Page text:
Animal Shelter expands paid partnership to Mid-East Veterinary Program students


By Staff Report

The local animal shelter, under the direction of a new general manager, is expanding educational partnerships with area schools to better train and prepare students as they enter the workforce.

The offering of positions at the shelter not only allows students to be compensated for their work but provides them with out-of-lab experiences and mentorships to complement their studies.

April Cohagen-Gibson, a long-time board member and recently appointed general manager of the Animal Shelter, said the partnership with Mid-East is just one of many the shelter has embarked on since her hiring earlier this year.

“As an educator, it’s very important for me to mentor and create these kinds of opportunities for students,” said Gibson. “We can all learn something new each and every day and anytime you can build your own community, it’s a plus for everybody that’s involved.”

Currently, the shelter has five students from the Mid-East Vet Assisting and Animal Care Program, two former graduates and three seniors.

Program Instructor, Mrs. Lana Kelly, said the two-year curriculum, for area juniors and seniors, prepares students for a wide range of animal care skills.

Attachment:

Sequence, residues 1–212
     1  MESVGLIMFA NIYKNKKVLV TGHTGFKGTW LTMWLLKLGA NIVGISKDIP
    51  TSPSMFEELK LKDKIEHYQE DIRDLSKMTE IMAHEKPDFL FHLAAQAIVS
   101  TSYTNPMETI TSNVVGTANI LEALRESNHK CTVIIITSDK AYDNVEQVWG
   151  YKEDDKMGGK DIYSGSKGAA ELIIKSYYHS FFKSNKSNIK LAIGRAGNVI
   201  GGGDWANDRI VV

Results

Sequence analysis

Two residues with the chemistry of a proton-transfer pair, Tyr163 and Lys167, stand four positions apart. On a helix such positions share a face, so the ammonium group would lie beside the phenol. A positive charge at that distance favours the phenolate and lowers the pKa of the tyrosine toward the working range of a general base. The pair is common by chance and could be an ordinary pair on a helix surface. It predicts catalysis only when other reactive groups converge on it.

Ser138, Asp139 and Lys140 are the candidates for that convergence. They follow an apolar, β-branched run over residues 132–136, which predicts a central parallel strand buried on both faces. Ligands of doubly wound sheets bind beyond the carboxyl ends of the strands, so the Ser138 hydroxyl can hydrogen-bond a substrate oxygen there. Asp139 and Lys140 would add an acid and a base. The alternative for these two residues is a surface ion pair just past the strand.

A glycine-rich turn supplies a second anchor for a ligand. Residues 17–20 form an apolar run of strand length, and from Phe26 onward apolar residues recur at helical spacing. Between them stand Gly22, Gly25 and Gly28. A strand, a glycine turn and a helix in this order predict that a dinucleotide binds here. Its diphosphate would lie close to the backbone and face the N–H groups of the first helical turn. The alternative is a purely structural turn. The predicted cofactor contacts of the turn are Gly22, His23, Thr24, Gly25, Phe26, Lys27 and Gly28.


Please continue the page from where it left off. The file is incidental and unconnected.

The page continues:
Part of that program is connecting students with employers that can provide additional and supplementary hands-on learning, Kelly added.

The program at Mid-East already has partnerships with entities such as the Wilds, the Columbus Zoo, Brandywine Hospital for Pets and local grooming salons.

The expansion to add an additional partnership, this time with the Animal Shelter, said Kelly, provides another unique opportunity for students.

Those who get selected for the partnership are able to assist in the vet room under the direction of the shelter’s Animal Care Manager Rebecca Hunt and its two contracted veterinarians, providing real-world experience and assisting know-how, said Gibson.

“The career prospects these partnerships provide are also amazing,” Kelly explained. “Students are able to be hired right out of high school, with full-time jobs where they can support themselves and pursue something they really love to do.”

Senior Abigail Springer said she knew from a young age she always wanted to work with animals.

Mid-East provided that opportunity and allowed her, while still in high school, the chance to become employed in that field.

For Springer, she has plans to further her education by studying to become a veterinary technician at Columbus State Community College.

She hopes to return and become a vet tech at the shelter.